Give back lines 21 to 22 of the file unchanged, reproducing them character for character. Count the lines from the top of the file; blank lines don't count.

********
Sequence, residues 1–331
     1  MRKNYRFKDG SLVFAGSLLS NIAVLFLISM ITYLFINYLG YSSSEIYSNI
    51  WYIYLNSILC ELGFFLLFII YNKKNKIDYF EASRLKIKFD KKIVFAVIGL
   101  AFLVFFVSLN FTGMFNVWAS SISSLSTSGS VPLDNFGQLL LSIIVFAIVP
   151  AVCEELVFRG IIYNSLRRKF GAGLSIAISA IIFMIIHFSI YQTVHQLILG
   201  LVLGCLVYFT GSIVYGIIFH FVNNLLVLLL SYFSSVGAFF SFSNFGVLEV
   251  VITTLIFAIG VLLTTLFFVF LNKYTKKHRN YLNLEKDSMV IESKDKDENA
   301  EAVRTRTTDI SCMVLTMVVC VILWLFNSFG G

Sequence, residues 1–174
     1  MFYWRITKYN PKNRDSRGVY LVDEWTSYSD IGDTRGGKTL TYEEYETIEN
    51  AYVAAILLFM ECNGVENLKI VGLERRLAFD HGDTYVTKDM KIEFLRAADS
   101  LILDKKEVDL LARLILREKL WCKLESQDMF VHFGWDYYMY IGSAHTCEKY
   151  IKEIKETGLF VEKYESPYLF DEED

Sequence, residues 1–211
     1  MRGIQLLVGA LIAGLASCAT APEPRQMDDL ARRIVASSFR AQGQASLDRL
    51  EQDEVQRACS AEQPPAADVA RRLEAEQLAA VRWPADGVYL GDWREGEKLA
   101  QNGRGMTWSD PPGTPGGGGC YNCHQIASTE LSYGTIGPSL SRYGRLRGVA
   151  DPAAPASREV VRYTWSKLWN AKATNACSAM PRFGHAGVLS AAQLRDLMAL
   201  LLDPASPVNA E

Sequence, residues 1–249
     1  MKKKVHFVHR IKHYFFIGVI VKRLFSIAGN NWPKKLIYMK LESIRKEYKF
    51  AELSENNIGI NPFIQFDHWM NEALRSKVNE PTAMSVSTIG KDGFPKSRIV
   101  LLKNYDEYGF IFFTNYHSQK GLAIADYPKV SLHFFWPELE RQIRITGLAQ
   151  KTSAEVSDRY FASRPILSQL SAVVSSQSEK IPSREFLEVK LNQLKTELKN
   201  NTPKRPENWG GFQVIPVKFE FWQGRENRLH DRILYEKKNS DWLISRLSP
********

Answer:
     1  MKKKVHFVHR IKHYFFIGVI VKRLFSIAGN NWPKKLIYMK LESIRKEYKF
    51  AELSENNIGI NPFIQFDHWM NEALRSKVNE PTAMSVSTIG KDGFPKSRIV